Why astronauts can't whistle in space

Illustration for article titled Why astronauts can't whistle in space

Astronauts on a spacewalk cannot whistle. This was discovered on the fly by intrepid astronaut Dan Barry in 1999. Fortunately, it did not affect the mission, but should any astronaut have to call a dog in space, the results would be disastrous.


Space agencies try to work out all eventualities and possible needs, but one unexpected consequence of space travel was discovered during a space walk by astronaut Dan Barry. A usual function, performed perfectly normally on earth, suddenly failed in deep space. Fortunately, it wasn't necessary for the mission. Barry just tried whistling. Tried, and failed.

Several other astronauts have tried whistling during space walks, with the selections of tunes including the obvious "Whistle While You Work" and the Leave it to Beaver theme. No one could manage to get the notes out. It simply wasn't possible.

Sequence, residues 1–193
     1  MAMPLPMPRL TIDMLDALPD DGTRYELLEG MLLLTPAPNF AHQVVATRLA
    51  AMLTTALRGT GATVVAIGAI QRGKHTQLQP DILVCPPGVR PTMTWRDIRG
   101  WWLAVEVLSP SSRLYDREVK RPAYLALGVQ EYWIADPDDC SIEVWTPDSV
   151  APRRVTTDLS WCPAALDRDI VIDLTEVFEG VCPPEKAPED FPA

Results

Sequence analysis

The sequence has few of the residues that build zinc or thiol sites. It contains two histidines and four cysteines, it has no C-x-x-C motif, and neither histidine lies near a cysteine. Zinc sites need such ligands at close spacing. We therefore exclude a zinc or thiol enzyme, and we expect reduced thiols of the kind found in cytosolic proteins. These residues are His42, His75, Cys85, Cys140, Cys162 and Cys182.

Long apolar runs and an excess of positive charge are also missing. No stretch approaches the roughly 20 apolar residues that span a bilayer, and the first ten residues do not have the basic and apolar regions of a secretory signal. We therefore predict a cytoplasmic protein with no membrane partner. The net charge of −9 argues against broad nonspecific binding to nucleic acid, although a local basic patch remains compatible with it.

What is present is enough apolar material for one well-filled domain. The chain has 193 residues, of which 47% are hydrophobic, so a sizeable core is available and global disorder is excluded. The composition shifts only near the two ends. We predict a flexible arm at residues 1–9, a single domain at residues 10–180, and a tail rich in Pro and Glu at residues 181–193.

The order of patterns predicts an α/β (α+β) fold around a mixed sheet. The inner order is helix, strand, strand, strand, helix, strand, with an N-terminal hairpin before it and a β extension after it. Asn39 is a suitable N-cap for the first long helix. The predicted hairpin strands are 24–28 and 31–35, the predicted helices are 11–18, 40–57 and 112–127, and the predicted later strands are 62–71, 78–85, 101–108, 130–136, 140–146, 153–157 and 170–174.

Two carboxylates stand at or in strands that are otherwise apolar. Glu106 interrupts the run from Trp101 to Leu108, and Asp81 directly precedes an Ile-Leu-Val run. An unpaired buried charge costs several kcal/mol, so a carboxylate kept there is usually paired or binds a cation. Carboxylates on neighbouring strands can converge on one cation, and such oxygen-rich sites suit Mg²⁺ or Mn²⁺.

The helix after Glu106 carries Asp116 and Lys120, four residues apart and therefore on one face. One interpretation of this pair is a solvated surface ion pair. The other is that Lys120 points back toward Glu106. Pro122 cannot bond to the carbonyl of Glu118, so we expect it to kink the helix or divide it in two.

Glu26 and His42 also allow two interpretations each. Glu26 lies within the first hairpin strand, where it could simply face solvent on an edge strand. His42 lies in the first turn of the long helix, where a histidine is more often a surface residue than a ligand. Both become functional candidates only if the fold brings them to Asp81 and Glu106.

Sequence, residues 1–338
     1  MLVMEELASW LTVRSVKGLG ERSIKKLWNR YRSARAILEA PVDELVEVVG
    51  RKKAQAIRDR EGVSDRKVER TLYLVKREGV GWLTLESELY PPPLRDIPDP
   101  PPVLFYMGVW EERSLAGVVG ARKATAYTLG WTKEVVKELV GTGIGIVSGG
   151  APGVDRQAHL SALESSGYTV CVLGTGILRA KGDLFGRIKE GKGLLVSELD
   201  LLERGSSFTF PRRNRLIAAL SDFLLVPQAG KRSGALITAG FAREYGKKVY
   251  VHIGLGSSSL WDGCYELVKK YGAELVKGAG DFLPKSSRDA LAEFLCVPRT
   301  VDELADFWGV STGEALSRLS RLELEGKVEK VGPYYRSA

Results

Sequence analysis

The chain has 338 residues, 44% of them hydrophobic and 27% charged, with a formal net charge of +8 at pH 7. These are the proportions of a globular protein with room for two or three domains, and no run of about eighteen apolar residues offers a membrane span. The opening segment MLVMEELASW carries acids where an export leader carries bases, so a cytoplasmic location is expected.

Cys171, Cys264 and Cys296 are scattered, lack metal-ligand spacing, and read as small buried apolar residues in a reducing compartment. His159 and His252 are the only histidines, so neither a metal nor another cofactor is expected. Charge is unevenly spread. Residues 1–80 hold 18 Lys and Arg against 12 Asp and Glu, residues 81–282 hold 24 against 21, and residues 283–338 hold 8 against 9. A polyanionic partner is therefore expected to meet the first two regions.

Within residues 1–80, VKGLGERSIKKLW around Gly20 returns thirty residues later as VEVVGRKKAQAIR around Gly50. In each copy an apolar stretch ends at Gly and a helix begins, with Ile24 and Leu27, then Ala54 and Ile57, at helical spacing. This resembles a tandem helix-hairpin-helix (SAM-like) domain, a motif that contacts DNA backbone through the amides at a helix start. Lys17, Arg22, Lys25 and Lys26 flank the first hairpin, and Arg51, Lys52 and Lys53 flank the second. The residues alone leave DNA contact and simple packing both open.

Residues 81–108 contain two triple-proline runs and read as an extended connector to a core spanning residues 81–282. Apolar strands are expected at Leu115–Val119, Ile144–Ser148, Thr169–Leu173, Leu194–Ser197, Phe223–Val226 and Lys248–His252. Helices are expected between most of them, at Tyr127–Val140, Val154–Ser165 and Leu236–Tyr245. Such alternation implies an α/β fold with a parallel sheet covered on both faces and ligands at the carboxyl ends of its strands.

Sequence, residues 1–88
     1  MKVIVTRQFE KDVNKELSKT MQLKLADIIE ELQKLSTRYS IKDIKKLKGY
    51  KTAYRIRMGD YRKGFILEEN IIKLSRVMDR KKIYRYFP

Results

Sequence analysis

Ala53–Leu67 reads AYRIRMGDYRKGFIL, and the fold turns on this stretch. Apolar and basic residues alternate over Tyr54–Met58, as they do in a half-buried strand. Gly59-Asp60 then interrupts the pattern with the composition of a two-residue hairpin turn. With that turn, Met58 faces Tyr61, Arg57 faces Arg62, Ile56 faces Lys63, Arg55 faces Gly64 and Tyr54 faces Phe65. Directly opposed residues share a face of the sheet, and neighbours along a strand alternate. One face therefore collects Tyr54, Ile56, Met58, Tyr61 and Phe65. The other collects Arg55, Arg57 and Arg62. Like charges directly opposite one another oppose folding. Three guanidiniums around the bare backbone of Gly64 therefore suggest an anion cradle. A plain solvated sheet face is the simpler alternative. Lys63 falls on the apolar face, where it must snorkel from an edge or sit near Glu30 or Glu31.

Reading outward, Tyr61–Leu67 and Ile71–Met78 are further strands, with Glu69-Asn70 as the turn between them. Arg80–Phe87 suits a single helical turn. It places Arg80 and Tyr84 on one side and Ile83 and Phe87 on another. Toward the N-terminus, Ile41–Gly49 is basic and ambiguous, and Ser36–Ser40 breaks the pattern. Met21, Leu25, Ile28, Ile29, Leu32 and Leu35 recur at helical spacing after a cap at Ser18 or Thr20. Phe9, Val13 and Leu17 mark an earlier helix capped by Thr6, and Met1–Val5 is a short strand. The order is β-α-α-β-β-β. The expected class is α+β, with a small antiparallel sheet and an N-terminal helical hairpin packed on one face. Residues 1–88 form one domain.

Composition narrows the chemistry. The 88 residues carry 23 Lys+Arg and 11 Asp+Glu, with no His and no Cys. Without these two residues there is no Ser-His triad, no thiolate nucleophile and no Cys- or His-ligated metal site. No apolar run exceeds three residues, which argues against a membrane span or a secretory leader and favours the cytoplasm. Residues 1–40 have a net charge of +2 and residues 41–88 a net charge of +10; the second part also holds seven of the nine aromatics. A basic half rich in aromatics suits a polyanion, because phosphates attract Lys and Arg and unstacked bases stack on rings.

Whistling works by passing a stream of air through (or over) a narrow passage leading to an enclosed space. The air inside the space vibrates fast, producing a sound. The whole technique requires air, and lots of it. Space suits keep astronauts from suffering from the effects of the vacuum around them, but they don't have the same oomph of an entire atmosphere's worth of pressure. Earthbound humans have 14.7 pounds per square inch of air pressing on them every second of the day. Space suits only put about 4.3 pounds of pressure per square inch on the wearer. The amount of air being force by the lips isn't enough to create those huge, rapid vibrations.

Humming remains unaffected.

Via ABC News and The University of New South Wales.


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